B.C. Health Minister Adrian Dix, with Surrey-Whalley MLA Bruce Ralston in the background. (File photo)

New clinics open in Surrey for Indigenous people

They’re offering ‘culturally safe,’ holistic care to 17,000 people in this city

Two new clinics in Surrey are offering “culturally safe” and holistic health care to 17,000 First Nations, Metis and Inuit people in this city.

The Indigenous Primary Health and Wellness Home is the first of its kind in the Fraser Health Authority’s region and is located at the Fraser Region Aboriginal Friendship Centre Association at A101-10095 Whalley Blvd., and the Kla-How-Eya Healing Place at the Guildford Public Health Unit.

Provincial Minister of Health Adrian Dix was in Surrey Wednesday to present the clinics, which opened for service on Dec. 10 and operates from 8:30 a.m. t0 4:30 p.m. Monday to Friday.

“The wellness home delivers a model of team-based care that is rooted in cultural values and traditional wellness approach to health,” Dix said. “This unique project is the result of a joint effort with community and health authority partners, and one that we’re very proud to support.”

READ ALSO: Report finds Surrey’s Aboriginal population is growing, young and underserved

It’s a partnership between Fraser Health and the First Nations Health Authority, providing services to address physical, mental and social needs, “as well as spiritual wellness using a wellness ‘circle of care’ approach.”

It also helps with housing, financial and legal issues. Staff include a physician, nurse practitioners, primary care nurses, a “Circle of Care” coordinator, a registered psychiatric nurse, a mental health clinician, licensed practical nurses, a social worker and medical office assistants.

Grand Chief Doug Kelly, chairman of the First Nations Health Council, said there’s demand for care that pairs traditional Aboriginal teachings and the best of Western medicine.

“The Surrey area is home to the largest Indigenous population in B.C.,” he noted. “The First Nations Health Council appreciates the productive partnership between the First Nations Health Authority and Fraser Health. When First Nations are able to own and influence the decisions about our health and other services that impact our families and communities, the outcomes and successes will be positive. I look forward to seeing this good work move forward.”

Joe Gallagher, CEO of the First Nations Health Authority, said the wellness home will serve as a model for health service delivery for Indigenous people in all urban areas.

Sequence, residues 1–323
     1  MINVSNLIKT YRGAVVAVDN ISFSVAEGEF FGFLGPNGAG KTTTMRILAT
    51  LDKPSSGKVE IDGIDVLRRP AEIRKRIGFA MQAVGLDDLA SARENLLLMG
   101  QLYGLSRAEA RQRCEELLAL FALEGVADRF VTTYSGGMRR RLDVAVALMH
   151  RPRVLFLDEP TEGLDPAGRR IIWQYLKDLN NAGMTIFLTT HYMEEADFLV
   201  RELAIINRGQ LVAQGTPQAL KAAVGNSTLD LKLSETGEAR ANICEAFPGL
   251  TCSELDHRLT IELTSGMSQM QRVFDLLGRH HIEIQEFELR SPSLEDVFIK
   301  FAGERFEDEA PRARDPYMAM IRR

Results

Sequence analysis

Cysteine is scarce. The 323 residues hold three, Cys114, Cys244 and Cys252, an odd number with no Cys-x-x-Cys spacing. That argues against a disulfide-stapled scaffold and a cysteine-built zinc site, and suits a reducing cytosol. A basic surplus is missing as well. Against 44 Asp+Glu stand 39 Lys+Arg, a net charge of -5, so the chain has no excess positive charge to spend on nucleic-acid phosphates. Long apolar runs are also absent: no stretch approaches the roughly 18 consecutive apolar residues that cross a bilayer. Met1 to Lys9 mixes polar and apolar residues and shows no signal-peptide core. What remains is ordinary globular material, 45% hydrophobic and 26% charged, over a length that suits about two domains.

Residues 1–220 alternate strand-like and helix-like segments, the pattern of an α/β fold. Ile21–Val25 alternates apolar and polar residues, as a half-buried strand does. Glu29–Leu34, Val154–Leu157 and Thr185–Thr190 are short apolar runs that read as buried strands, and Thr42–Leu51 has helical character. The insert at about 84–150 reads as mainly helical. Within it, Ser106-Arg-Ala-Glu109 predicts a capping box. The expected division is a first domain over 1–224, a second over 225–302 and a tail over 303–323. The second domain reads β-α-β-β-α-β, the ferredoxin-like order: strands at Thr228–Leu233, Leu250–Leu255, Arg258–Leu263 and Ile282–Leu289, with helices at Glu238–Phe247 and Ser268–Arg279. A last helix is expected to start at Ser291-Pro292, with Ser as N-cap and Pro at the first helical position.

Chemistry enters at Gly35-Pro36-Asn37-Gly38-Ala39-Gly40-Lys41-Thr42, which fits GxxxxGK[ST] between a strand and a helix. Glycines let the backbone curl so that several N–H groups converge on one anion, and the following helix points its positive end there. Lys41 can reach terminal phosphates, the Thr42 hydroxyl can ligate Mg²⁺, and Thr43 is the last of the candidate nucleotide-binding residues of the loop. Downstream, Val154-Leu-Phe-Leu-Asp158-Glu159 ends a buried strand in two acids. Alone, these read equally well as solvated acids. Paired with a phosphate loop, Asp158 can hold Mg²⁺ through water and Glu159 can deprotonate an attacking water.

“This clinic and its providers will ensure culturally safe services for our people by making cultural humility the foundation of how they approach this important work,” Gallagher said.

Jim Sinclair, chairman of the board for Fraser Health, says the new service embeds a tradition wellness approach in all aspects of its delivery, “to ensure each patient and their family is part of the process every step of the way.”



tom.zytaruk@surreynowleader.com

Like us on Facebook Follow us on Instagram and follow Tom on Twitter

Just Posted

Surrey killer foiled by cops’ suspicion he was underage in a bar

Birinderjeet Singh Bhangu was shot dead outside the Comfort Inn and Suites Hotel on Fraser Highway

Delta man charged after police surround Tsawwassen home

Troy Kevin Reimer, 52, is charged with one count of uttering or conveying a threat to cause death or bodily harm

Community invited to help with Downtown Surrey BIA’s fence art project

Association is hoping to change the ‘narrative’ for 135A Street with artwork

Snowbirds to perform at Boundary Bay Airshow

The nine-aircraft team and a CF-18 Hornet will be practicing over Delta beginning Friday (July 19)

Blaine railway stop contingent on international support: All Aboard Washington

Non-profit organizers look to residents of Surrey, White Rock and North Whatcom County

VIDEO: B.C. MLA Michelle Stilwell takes first steps in nearly 30 years

‘It actually felt like walking. It’s been 27 years… but it felt realistic to me’

Report of dead body in B.C. park actually headless sex doll

This discovery, made at Manning Park on July 10, led police to uncovering two other sex mannequins

Grand Forks fire chief found to have bullied, harassed volunteer firefighter: report

WorkSafeBC, third-party human resources investigation looking into allegations complete

Dog recovering after being drenched in hot coffee, B.C. man charged

Man was taken into custody, charged, and released pending a court date

Taekwondo instructor, 21, identified as B.C. bat rabies victim

Nick Major, 21, an instructor at Cascadia Martial Arts in Parksville

Science expedition to Canada’s largest underwater volcano departs Vancouver Island

Crews prepared for a two-week research mission to the Explorer Seamount

B.C. shipyard to get one-third of $1.5 billion frigate-repair contract

The federal government has promised to invest $7.5 billion to maintain the 12 frigates

Worried about bats? Here’s what to do if you come across one in B.C.

Bat expert with the BC Community Bat Program urges caution around the small creatures

B.C. on right road with tougher ride-hailing driver rules, says expert

The provincial government is holding firm that ride-hailing drivers have a Class 4 licence

Most Read